Experts Say California Vaccine Bill Could Prevent Future Outbreaks
UPDATE: Gov. Brown signed the bill on Tuesday.
The bill passed through the state Senate on Monday and now heads to Gov. Jerry Brown (D) (Horowitz, AP/U-T San Diego, 6/30).
For more on the bill's passage, see today's "Capitol Desk" post.
Details of Bill
SB 277, by state Sens. Richard Pan (D-Sacramento) and Ben Allen (D-Redondo Beach), would only allow children who have received vaccinations for certain diseases, such as measles and whooping cough, to be admitted to schools in the state.
The bill would allow exemptions for medical reasons.
In addition, the bill was amended to:
- Allow unvaccinated children to enroll in private home-schooling programs that serve multiple families, rather than programs that serve just one family;
- Permit such children to participate in independent study projects that are overseen by school districts but do not include classroom time;
- Remove a provision that would have required schools to inform parents of immunization rates; and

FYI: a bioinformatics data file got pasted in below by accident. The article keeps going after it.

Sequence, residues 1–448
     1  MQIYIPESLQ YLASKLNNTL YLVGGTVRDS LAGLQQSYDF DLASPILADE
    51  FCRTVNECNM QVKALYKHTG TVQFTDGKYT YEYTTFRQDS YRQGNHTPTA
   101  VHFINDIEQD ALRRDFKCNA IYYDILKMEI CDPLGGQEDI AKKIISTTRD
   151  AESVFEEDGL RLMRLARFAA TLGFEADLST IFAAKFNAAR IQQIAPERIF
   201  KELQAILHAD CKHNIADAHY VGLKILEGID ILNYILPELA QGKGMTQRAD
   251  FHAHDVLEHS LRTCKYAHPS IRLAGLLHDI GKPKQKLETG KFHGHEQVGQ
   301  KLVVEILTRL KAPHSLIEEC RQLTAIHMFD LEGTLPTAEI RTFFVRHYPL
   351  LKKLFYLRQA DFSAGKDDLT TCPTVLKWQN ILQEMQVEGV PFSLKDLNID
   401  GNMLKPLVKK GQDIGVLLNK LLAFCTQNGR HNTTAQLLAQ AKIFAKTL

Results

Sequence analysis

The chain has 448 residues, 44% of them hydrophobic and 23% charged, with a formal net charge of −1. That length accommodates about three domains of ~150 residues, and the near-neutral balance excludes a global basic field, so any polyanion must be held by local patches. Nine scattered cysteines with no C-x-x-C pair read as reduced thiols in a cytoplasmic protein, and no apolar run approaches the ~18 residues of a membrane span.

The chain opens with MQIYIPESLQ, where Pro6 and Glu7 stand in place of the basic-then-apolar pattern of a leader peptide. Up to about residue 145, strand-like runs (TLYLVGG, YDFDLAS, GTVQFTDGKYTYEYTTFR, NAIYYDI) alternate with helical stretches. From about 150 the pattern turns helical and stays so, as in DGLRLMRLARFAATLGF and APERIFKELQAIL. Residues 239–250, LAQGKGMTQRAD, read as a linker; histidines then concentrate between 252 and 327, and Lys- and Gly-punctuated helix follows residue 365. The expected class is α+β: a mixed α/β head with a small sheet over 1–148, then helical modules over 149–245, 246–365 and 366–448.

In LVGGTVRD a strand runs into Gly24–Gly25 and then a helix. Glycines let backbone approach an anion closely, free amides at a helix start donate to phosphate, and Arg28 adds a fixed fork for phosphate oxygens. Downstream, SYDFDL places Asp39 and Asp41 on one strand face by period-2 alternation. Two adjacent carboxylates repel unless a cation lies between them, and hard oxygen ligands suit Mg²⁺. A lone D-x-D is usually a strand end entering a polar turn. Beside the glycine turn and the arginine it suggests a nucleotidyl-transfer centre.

- Allow physicians to consider family histories when determining medical exemptions.
The bill also includes a provision that would give unvaccinated children with existing exemptions more time to comply with the rule (California Healthline, 6/26).
Experts Say Bill Could Stop Future Outbreaks
While opponents of SB 277 say it limits parental rights with the "false promise" of stemming the spread of disease, experts and stakeholders counter that evidence suggests the legislation could prevent future outbreaks.
Eric Kodish, a pediatric ethics and oncology specialist at the Cleveland Clinic, said, "The combination of good law and good policy with face-to-face interactions with pediatricians will have an effect."
Meanwhile, Hannah Henry -- founder of Vaccinate California, a parental group that supports SB 277 -- said, "[W]hat this bill comes down to [is] leadership in public health and supporting evidence-based science" (AP/U-T San Diego, 6/30).This is part of the California Healthline Daily Edition, a summary of health policy coverage from major news organizations. Sign up for an email subscription.